Low-fat dairy doesn’t help kids drop pounds: study
Kids who swap out regular dairy products for low-fat varieties consume less saturated fat but don’t seem to lose weight, according to Australian researchers.
They found neither weight nor body mass index (BMI) had changed noticeably six months after children switched to low- or reduced-fat dairy products.
Instead of trimming their waistlines, kids who slashed fat intake appeared to compensate by eating more calories from other sources, according to the new findings, which appear in The American Journal of Clinical Nutrition.
Still, there might be other benefits to cutting back on saturated fat, said Dr. Frank Franklin, a retired professor of nutrition and pediatrics at the University of Alabama at Birmingham, who was not involved in the study.
For instance, it might help kids stave off heart disease as they grow up, Franklin told Reuters Health.
For the study, Gilly Hendrie and Rebecca Golley of the Commonwealth Scientific and Industrial Research Organization divided 145 kids ages four to 13 into two groups. The researchers asked one group to replace their dairy products with low-fat varieties for six months, while the other got no dietary advice.
Both groups consumed similar amounts of dairy products, and the total calorie intake remained more or less stable over the study, which was supported in part by Dairy Australia.
Nurses interviewed the kids and parents on their dairy eating habits at the beginning of the study, and at three and six months. They also drew blood and measured BMI and waist circumference.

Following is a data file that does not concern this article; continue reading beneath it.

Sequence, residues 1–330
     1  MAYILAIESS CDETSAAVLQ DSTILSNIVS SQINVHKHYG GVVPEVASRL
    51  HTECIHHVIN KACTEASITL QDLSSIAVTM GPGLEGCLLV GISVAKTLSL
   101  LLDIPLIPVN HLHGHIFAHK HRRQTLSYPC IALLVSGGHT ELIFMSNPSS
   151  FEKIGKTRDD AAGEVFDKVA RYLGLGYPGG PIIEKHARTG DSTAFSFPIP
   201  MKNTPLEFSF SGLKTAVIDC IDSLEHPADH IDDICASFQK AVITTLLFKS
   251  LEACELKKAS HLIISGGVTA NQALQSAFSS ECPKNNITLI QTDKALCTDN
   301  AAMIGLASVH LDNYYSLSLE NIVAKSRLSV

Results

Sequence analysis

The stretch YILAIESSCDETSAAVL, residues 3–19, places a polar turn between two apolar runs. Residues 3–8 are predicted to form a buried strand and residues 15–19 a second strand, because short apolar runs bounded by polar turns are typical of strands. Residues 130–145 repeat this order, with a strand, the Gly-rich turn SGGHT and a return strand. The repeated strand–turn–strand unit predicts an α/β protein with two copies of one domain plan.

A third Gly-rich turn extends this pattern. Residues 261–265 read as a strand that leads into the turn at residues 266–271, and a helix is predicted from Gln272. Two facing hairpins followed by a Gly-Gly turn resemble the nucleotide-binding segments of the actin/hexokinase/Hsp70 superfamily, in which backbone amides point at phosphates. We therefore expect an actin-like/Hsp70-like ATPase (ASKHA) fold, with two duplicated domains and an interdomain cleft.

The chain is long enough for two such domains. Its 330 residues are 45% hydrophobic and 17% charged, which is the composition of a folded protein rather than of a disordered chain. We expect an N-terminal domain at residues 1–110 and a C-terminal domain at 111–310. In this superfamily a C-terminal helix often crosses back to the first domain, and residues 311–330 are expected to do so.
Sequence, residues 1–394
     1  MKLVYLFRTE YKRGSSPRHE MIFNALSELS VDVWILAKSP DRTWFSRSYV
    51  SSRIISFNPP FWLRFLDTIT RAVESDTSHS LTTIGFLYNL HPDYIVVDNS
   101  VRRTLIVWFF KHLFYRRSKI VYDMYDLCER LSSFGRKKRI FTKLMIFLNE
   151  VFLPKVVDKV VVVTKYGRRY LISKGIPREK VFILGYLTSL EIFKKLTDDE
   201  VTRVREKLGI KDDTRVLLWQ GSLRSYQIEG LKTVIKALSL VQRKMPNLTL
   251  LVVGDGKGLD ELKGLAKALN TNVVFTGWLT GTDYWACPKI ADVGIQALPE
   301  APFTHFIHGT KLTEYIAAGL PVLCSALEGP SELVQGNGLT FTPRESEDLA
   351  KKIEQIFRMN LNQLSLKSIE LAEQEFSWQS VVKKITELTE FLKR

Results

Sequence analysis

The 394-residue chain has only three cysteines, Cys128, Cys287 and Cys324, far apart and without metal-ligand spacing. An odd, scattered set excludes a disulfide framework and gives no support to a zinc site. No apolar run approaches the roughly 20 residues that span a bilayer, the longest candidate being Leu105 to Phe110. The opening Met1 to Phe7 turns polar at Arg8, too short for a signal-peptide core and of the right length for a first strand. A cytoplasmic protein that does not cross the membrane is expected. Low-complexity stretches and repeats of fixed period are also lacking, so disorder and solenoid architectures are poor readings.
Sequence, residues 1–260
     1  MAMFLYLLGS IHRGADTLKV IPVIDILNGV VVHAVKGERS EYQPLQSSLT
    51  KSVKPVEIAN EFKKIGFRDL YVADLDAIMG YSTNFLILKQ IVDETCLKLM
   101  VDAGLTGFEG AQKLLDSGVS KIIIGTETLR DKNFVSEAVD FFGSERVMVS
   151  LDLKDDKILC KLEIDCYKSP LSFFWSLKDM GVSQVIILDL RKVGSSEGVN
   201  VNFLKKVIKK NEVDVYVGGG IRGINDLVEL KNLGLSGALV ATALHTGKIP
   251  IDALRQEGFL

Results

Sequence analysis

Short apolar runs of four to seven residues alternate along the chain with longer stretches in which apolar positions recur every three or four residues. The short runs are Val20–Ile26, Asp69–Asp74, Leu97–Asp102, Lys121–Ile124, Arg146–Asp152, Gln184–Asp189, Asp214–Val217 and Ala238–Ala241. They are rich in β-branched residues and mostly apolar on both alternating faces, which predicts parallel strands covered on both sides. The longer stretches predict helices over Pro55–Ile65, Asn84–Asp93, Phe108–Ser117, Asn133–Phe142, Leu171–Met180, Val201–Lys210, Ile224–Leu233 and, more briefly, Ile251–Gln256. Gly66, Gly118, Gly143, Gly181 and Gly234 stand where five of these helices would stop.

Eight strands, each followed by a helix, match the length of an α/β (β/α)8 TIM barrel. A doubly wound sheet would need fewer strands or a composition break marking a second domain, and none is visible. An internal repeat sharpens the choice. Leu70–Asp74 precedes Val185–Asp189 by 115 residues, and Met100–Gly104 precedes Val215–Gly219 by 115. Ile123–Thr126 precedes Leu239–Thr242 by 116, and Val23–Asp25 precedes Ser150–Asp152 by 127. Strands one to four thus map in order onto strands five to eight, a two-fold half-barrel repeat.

The low-fat group did consume less overall fat. At the end of the study, they got 13.3 percent of their total calories from saturated fat, compared to 16.6 percent in the comparison group.
This is a significant change, Franklin noted, but still above the 10 percent recommended by the U.S. Department of Agriculture. He added that American kids generally are closer than Australians to getting the recommended amount.
There was also a small drop in cholesterol levels in the low-fat group, but their waistline, BMI and weight were no different.
According to Greg Miller of the National Dairy Council (NDC), which represents the industry in the U.S., this falls in line with other research on kids, where milk shows either a positive or neutral impact on body composition.
“A lot of researchers say that if we just get people to consume low-fat or reduced-fat products, we can have an impact on weight,” Miller told Reuters Health.
But as this study shows, the kids made up for the lost calories elsewhere in their diet. So looking at milk alone is not that helpful, Miller said.
Franklin said it’s safe to switch to leaner dairy products, which have less cholesterol but the same amount of nutrients, mainly calcium and vitamin D.
“The only thing given up is saturated fat, which you don’t need,” he said, adding that skim and two-percent milk cost the same as whole milk.
SOURCE: The American Journal of Clinical Nutrition, online March 23, 2011.